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Yosemite Mariposa County, home of Yosemite National Park, welcomes visitors to experience majestic Yosemite in all four seasons. Experience the best hikes in Yosemite as you explore awe-inspiring vistas, granite icons, breathtaking waterfalls, and fascinating history while staying in Mariposa County.
There is no better way to get up close and experience Yosemite Mariposa County and the Sierra wilderness than by setting out on foot and discovering what some of the best Yosemite hikes have to offer, and maybe explore some great trails outside of the park too. When you slow down and commune with nature, you see things you might otherwise miss. Whether you are looking for a one of our day hikes or a backpacking trail through Mariposa, nothing feels quite like the satisfaction you experience when you ascend your final switchback and reach the wide-open vantage points that overlook the Yosemite Valley like Glacier Point, Upper Yosemite Fall and Artist Point.
Photo credit from Top Left: @alphawanderlust, @jared_mcdonald_, @jdcrispphotography, @yosemite_shelton
With more than 1,000 square miles to explore in Yosemite National Park, chances are you are only a stone’s throw away from a great Yosemite hike.
While the most popular hikes in Yosemite are well known such as the Half Dome Cable Hike (where you can combine two iconic hikes by taking the Mist Trail to see Vernal Falls and Nevada Falls before hitting Yosemite’s most iconic rock face), there are many lesser-known Yosemite hikes that boast some of the best views, vistas, fascinating history and granite icons that can only be experienced by lacing up those hiking boots and taking on the stunning Yosemite Valley and wild Yosemite wilderness.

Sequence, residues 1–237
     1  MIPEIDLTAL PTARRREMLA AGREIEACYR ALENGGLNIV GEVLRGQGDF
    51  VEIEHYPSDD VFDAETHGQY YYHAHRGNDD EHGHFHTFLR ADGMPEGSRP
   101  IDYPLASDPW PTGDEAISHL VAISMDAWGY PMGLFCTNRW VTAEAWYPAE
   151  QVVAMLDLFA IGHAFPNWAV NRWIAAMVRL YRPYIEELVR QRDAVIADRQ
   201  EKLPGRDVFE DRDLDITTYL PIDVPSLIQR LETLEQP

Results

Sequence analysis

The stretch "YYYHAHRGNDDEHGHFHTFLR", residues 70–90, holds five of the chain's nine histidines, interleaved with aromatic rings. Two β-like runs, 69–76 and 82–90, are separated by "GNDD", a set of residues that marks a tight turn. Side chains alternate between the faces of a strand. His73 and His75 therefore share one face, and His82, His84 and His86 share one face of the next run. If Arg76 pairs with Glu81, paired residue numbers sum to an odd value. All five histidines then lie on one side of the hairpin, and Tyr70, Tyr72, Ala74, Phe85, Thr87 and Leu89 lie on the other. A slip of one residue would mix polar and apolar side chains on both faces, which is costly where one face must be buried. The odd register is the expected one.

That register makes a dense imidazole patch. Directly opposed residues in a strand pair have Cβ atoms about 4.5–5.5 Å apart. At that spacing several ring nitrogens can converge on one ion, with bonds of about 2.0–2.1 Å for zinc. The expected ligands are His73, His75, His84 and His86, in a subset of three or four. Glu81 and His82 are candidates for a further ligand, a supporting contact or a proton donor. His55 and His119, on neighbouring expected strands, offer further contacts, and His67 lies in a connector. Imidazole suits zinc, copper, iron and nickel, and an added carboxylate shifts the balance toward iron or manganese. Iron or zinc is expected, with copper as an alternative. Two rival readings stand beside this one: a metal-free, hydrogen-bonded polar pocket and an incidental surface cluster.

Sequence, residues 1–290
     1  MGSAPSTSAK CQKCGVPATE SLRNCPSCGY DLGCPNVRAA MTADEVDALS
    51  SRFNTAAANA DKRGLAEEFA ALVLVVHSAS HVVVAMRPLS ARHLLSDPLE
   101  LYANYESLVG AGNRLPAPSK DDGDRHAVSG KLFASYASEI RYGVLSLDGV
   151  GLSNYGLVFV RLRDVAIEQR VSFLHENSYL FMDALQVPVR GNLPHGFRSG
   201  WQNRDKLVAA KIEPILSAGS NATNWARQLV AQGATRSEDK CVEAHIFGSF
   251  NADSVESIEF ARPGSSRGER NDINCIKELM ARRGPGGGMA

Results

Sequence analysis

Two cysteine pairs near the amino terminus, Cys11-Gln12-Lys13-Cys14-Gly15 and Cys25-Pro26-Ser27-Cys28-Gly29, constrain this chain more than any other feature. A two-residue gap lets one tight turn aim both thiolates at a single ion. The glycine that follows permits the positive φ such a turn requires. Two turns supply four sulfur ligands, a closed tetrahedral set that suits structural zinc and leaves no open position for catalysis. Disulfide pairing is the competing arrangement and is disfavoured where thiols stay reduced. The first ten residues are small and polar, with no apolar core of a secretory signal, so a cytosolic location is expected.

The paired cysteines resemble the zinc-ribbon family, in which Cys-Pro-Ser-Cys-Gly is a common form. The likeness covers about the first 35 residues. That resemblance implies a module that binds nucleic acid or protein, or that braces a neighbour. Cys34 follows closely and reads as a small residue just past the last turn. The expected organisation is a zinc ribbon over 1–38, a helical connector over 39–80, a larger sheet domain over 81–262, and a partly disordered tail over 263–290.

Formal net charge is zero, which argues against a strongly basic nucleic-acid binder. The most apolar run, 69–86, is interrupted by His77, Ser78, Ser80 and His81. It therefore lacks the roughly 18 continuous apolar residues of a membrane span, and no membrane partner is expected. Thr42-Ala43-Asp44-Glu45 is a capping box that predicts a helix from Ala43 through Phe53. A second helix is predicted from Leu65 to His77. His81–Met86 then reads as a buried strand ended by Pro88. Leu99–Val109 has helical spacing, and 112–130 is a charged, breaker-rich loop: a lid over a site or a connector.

You never know what you’ll find when you venture off the beaten path. No matter the season, there’s always something else to discover at Yosemite National Park.
Visitors to Yosemite National Park will find the right trail no matter what kind of hiker they may be. From mild treks to tough terrain, there is a trail for every level of hiker.
A good pair of walking shoes paired with a map of Yosemite and Mariposa County will put you ahead of the game when it comes to visiting this iconic national treasure and the surrounding areas. The county includes not only Yosemite, but many other places worthy of exploration like the Sierra National Forest, the Merced River Recreation Management Area, Coulterville, Mariposa, Fish Camp and Wawona to name a few.
Hike the trails less traveled or knock off some of the most popular hikes in Yosemite from your bucket list. Let Yosemite Mariposa County help you plan your visit to the Yosemite Valley so you can get the most out of your experience.
Ready to get started? Check out the best time to visit Yosemite.
Photo credit: @t0nypham
Yosemite Mariposa offers what could be the widest variety of hikes in California. Whether it’s a slow amble through the wildflowers while the kids chase butterflies or a solo climb up the granite switchbacks as clouds pass beneath you, there’s a trail for everyone regardless of age or ability.
Looking for a challenge? Check out these five Yosemite day hikes that are more than worth the miles. Pack up and go for it!
Interesting and scenic trails continue beyond the Yosemite National Park border. If you’re looking for quiet trails and the path less traveled, be sure to explore some of these hiking trails just outside Yosemite.
Fall is one of the best times for hiking in Yosemite Mariposa County. Read our blog to find the best Yosemite hikes for fall.